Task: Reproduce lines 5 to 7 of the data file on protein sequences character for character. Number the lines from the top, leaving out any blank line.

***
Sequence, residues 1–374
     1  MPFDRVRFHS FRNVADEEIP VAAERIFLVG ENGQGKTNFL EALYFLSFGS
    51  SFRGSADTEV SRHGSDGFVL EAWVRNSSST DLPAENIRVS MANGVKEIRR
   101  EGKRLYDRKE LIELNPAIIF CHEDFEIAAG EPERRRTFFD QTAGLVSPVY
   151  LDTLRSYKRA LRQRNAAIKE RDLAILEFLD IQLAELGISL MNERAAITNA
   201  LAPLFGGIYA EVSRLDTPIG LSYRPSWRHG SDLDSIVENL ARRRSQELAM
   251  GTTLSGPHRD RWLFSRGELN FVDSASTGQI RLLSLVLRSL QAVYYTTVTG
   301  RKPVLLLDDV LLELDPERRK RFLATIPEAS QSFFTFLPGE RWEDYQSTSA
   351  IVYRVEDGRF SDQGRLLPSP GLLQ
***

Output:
   151  LDTLRSYKRA LRQRNAAIKE RDLAILEFLD IQLAELGISL MNERAAITNA
   201  LAPLFGGIYA EVSRLDTPIG LSYRPSWRHG SDLDSIVENL ARRRSQELAM
   251  GTTLSGPHRD RWLFSRGELN FVDSASTGQI RLLSLVLRSL QAVYYTTVTG